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Virsa Singh v. State of Punjab : case analysis

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This article has been written by Akanksha Singh. This article is a comprehensive piece of work on the detailed study and analysis of the landmark case of Virsa Singh v. State of Punjab. The article provides an exhaustive understanding of the interpretation and scope of Section 300 of the I.P.C. (I.P.C.), 1860. 

In a criminal case, the element of intention plays a crucial role in determining any criminal liability against the offender. Virsa Singh v. State of Punjab (1958) is a landmark case to study and understand the concept of Intention in cases of murder under Section 300 of the Indian Penal Code, 1860 (hereinafter also called I.P.C.), that is, cases where culpable homicide amounts to murder. The case has been dealt with firstly by the trial court, that is, the court of session, then afterwards by the High Court, and thirdly and lastly by the Supreme Court. The court of trial, the High Court, and the Supreme Court all accepted the argument of the victims side and held that the offence fell under the ambit of Section 300. However, the interpretation of the facts of the case was done by each court in a slightly different manner. The interpretation and elaborate explanation by the apex court of the country on each and every clause of Section 300 of the I.P.C. is an outstanding source to enrich and enhance one’s understanding on the topic of what essentially is required to be proved for a matter to come under the ambit of Section 300. The court specifically talks about the third clause of Section 300, referred to as Section 300 (Thirdly), and gives an in-depth explanation as to what constitutes its essential ingredients. 

The case of Virsa Singh v. State of Punjab is primarily based on a situation where the offender inflicted a certain bodily injury on the victim, due to which the victim subsequently died. In this case, the court dealt with every factual circumstance of the case and put forth a standard principle that can be followed in order to understand the application of Section 300 of the I.P.C.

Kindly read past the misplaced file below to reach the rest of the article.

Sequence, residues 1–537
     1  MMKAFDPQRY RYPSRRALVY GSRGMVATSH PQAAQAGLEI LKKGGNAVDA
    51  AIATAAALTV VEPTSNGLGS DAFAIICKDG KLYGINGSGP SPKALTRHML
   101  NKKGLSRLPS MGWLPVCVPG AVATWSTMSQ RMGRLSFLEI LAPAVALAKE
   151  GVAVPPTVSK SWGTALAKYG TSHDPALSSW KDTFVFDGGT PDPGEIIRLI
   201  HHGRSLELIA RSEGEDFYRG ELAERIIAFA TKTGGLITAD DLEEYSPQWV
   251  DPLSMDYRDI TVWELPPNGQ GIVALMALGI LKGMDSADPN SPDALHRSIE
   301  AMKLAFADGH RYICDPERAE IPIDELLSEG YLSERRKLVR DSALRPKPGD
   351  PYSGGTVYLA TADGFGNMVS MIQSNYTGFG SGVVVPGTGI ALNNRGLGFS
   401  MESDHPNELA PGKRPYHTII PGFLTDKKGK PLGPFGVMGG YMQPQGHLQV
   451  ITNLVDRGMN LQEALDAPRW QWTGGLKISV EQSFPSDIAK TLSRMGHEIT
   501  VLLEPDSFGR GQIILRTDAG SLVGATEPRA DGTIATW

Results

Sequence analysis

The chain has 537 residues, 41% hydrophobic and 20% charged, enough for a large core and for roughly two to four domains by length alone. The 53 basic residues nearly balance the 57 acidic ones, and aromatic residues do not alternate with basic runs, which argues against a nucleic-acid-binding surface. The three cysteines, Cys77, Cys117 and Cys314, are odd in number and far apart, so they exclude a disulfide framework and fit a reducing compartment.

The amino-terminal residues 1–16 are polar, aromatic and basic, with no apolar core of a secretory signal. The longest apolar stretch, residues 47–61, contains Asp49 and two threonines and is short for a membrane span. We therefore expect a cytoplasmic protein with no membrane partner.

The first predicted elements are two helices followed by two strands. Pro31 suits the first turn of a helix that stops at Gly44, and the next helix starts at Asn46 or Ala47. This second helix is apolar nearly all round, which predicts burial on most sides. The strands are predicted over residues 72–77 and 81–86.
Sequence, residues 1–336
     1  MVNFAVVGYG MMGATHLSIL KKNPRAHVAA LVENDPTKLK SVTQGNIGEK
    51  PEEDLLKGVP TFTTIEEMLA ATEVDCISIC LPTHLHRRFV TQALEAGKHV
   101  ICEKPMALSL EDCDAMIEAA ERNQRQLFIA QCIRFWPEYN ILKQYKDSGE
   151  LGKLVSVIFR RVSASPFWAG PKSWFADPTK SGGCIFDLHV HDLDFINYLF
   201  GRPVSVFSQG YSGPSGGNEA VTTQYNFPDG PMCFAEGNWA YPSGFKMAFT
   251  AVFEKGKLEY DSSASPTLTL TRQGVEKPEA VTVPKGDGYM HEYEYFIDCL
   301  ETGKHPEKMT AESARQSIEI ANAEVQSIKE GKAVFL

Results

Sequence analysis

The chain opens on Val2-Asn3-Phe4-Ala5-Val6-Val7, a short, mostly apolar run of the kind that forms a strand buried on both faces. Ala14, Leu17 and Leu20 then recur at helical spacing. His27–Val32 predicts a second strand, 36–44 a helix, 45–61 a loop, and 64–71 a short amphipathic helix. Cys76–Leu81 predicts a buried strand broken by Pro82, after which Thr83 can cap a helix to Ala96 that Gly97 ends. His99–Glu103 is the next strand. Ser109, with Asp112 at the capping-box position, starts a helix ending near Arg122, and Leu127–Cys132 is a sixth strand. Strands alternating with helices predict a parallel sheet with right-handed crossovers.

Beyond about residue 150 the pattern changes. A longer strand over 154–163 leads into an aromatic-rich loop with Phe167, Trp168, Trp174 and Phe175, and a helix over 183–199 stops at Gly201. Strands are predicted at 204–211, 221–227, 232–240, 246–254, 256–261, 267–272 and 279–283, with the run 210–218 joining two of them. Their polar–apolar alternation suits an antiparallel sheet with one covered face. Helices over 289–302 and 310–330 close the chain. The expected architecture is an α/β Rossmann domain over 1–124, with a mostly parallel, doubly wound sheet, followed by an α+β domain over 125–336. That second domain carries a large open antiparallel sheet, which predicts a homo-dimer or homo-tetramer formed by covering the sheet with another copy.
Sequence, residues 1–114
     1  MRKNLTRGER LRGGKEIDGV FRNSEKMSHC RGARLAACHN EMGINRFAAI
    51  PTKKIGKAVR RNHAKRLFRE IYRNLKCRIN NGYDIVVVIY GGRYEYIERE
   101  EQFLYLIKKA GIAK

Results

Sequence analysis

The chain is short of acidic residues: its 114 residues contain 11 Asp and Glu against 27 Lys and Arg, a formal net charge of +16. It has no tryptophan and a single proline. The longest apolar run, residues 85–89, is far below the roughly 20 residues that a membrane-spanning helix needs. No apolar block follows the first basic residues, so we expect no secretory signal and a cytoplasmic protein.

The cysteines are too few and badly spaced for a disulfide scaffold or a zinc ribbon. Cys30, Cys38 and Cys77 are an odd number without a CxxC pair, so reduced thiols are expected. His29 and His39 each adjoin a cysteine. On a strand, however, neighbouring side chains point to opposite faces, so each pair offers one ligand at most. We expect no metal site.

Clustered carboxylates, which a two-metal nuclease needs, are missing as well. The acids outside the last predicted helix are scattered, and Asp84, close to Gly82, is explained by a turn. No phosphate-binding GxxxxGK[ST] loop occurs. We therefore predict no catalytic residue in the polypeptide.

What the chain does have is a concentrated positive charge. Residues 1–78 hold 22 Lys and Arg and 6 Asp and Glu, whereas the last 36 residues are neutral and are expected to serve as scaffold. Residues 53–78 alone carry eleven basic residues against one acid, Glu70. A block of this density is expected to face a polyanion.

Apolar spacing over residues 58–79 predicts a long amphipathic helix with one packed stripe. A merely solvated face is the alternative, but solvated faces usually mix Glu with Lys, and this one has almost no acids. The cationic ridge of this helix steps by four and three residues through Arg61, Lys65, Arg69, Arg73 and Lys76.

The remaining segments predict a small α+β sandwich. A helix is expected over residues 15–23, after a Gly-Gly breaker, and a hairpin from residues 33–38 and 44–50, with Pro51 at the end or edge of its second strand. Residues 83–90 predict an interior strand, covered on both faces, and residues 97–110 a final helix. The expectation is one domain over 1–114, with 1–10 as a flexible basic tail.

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This article provides a comprehensive and exhaustive analysis of the case of Virsa Singh v. State of Punjab. The article places importance on comprehensively explaining the development and contemporary scenario regarding the concept of Intention or Mens Rea in a criminal offence. The article talks about the observations made by the courts, that is, the Court of Session, the High Court, and the Supreme Court, at each level of the case. Further, the articles also cover a detailed analysis of the provisions involved in this case and provide readers with an excellent learning experience. 

The essential elements required for an offence to constitute a crime include an offence committed by a human being with the intention of causing such injury to the victim. In ancient times, the idea of criminal justice was primarily based on a retributive system of justice, wherein the focus was on punishing the wrongdoer for the wrong committed. Today, the criminal justice system equally focuses on other forms of justice, such as rehabilitation, in which the focus is on rehabilitating the offender, and restorative justice, where the focus is on restoring the offender and the victim to their original positions as they were before the offence was committed. 

Another element necessary to constitute a criminal offence is the guilty mind of the human being; that is, he must have the intention to commit such a crime. In legal terminology, this element of guilty mind or intent is called Mens Rea. Mens Rea, in other words, means awareness of the fact that a person’s action is blameworthy. This concept is based on the maxim Actus non facit reum nisi mens sit rea. The maxim means that an act alone does not make a person guilty of an offence unless he has an intention to do so. The wrongful intent must be accompanied by a wrongful act. In the absence of a guilty mind, a person cannot be punished for a wrongful act under criminal liability. Once an injury is caused with the intent of causing such injury to the victim by the wrongdoer, the crime is complete. 

Further, the wrongful act must be done voluntarily. This principle is based on the maxim Actus me invito, factus non est mens actus. The maxim literally translates to An act done by me against my will is not my act. It is essential to understand the difference in consequences when there is no element of intention accompanying a wrongful act. For example, if a person inflicts injury on another person under fear or compulsion, then such an act does not constitute a crime.